With the number of buildings sitting vacant thanks to the recent economic downturn, landlords are looking to lease as much of their vacant space as possible. The most common type of security deposit is cash, but more and more landlords are turning to letters of credit as an alternative to cash or in addition to cash for high risk tenants or for businesses that are not on sure financial footing. Many landlords actually prefer letters of credit to cash because they are guaranteed by a third-party if the tenant defaults on their obligations. If this happens, the bank which has issued a letter will pay on behalf of the tenant.
Letters of credit used to secure leases are also advantageous for landlords because a cash security deposit will automatically become property of the debtor’s estate should they file for bankruptcy. Letters of credit, on the other hand, are not property of the tenant’s estate and are not subject to the same automatic stay that a cash deposit would be. This provides a level of protection for the landlord if the tenant finds himself in a situation where he must file for bankruptcy protection. Because this letter is an agreement between the debtor’s bank and the landlord, it is a third-party agreement which allows the landlord to recoup some of his lost investment.
Of course, letters are not perfect and do sometimes present a few problems. Enforcing a letter of credit can be a time-consuming procedure. It takes a landlord a greater amount of time to receive the money due to him from one of these letters than it does from a cash deposit. Generally, a landlord must present the letter of in person at a specific place in order to receive his money. When using a letter to secure a lease, it is critical that it be written very carefully so that it is not contingent on any circumstance that is under control of the issuing bank.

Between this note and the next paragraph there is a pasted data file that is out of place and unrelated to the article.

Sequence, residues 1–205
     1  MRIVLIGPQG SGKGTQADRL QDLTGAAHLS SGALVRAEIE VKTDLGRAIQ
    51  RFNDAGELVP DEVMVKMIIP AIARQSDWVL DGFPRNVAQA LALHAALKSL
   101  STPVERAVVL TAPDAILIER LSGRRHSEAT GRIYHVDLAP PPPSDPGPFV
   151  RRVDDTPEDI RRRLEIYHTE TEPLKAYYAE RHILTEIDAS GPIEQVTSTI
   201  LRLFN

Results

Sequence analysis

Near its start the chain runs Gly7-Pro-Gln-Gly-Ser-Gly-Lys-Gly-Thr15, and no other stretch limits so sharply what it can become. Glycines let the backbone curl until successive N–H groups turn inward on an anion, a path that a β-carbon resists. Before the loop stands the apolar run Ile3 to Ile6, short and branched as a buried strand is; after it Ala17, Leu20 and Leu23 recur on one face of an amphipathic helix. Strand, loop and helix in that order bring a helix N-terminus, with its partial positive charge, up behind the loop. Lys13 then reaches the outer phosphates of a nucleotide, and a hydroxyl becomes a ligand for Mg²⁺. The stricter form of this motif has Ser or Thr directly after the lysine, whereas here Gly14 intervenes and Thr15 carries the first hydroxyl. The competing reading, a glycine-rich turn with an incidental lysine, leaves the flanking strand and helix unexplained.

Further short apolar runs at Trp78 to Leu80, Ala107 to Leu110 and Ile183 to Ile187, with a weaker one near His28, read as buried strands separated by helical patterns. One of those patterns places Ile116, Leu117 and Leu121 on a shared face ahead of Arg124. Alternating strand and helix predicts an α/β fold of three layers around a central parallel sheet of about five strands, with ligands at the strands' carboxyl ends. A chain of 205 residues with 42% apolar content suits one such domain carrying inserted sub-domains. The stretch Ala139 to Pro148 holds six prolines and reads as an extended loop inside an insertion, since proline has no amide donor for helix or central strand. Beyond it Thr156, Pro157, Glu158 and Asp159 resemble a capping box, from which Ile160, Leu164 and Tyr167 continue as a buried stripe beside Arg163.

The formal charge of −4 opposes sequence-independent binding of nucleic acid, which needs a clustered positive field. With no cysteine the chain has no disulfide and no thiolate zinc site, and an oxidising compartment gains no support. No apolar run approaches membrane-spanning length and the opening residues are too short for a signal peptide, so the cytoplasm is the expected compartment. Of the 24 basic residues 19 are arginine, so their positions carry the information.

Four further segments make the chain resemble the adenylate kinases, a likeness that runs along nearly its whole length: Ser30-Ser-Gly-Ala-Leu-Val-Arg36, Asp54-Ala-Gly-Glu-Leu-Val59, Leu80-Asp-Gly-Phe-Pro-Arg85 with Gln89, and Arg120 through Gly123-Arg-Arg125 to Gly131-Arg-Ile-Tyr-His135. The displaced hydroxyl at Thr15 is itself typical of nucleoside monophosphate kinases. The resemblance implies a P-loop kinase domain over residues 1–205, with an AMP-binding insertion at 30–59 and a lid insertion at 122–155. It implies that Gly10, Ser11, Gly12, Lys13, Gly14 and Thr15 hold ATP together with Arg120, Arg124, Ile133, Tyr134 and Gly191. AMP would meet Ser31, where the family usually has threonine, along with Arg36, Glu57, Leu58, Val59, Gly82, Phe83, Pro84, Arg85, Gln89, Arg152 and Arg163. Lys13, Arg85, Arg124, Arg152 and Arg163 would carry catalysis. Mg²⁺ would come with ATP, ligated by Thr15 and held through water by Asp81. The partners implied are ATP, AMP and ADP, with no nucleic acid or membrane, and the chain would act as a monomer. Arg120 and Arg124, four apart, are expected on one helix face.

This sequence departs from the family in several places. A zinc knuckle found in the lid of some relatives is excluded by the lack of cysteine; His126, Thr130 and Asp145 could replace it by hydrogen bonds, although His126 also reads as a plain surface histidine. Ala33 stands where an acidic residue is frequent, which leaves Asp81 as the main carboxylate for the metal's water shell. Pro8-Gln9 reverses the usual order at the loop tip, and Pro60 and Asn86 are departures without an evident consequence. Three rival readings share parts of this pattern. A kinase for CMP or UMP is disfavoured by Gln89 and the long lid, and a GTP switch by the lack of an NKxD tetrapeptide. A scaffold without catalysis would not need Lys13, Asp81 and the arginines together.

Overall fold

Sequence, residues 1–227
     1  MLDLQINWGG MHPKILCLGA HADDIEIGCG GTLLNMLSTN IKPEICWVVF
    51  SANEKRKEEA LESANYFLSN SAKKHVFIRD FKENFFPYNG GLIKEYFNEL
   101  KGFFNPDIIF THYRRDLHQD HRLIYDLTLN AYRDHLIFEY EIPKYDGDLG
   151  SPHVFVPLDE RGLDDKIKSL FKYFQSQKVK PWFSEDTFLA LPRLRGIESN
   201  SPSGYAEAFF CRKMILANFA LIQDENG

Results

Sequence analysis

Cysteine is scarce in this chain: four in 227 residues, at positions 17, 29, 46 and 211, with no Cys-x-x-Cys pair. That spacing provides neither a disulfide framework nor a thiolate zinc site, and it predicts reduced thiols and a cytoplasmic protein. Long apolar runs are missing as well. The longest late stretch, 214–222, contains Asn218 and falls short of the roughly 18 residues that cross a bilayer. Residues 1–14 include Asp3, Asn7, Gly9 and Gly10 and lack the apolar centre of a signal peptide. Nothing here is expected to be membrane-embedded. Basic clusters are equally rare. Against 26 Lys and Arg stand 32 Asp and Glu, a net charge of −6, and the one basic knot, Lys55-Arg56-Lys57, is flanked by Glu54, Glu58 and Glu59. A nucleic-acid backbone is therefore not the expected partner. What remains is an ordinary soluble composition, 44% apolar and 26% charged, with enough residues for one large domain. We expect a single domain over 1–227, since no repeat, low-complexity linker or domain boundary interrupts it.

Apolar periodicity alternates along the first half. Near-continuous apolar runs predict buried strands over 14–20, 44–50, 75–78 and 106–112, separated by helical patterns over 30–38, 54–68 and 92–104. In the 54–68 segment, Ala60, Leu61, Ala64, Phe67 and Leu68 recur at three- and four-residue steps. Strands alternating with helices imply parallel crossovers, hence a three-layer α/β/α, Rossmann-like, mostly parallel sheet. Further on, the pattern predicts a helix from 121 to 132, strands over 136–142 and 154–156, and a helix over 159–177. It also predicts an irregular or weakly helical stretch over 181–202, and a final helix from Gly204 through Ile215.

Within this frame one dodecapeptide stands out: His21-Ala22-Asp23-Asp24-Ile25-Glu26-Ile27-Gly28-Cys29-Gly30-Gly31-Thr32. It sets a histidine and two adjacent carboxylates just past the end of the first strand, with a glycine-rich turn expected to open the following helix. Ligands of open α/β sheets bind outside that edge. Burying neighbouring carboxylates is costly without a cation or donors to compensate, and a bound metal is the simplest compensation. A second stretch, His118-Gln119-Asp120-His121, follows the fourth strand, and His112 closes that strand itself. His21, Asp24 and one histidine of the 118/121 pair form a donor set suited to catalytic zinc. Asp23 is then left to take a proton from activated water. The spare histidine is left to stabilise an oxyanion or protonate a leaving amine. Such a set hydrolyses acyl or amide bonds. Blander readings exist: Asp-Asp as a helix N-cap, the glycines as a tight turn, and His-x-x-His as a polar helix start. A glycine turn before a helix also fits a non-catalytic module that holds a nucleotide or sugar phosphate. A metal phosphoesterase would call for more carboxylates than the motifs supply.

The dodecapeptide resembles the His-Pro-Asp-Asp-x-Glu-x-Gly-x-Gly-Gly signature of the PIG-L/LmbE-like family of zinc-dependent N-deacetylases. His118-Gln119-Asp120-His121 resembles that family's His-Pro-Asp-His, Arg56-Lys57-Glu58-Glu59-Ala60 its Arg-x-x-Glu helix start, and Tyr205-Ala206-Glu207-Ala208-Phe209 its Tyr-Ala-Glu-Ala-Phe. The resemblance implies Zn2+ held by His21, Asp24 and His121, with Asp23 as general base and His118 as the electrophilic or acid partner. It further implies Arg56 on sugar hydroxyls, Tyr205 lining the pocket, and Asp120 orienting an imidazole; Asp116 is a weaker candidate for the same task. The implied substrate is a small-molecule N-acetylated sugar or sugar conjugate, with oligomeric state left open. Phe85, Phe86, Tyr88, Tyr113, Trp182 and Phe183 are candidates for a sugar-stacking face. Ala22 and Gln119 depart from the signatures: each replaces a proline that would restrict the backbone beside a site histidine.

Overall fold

The conditions under which this letter can be enforced must be clearly stated and agreed upon by all parties in order for it to be enforceable. A bank will often use any situation to deny the request of the landlord for enforcement of the letter in question. Leasing these letters provide both tenants and landlords the opportunity to fill space that would otherwise sit vacant, but they must be approached with caution and common sense.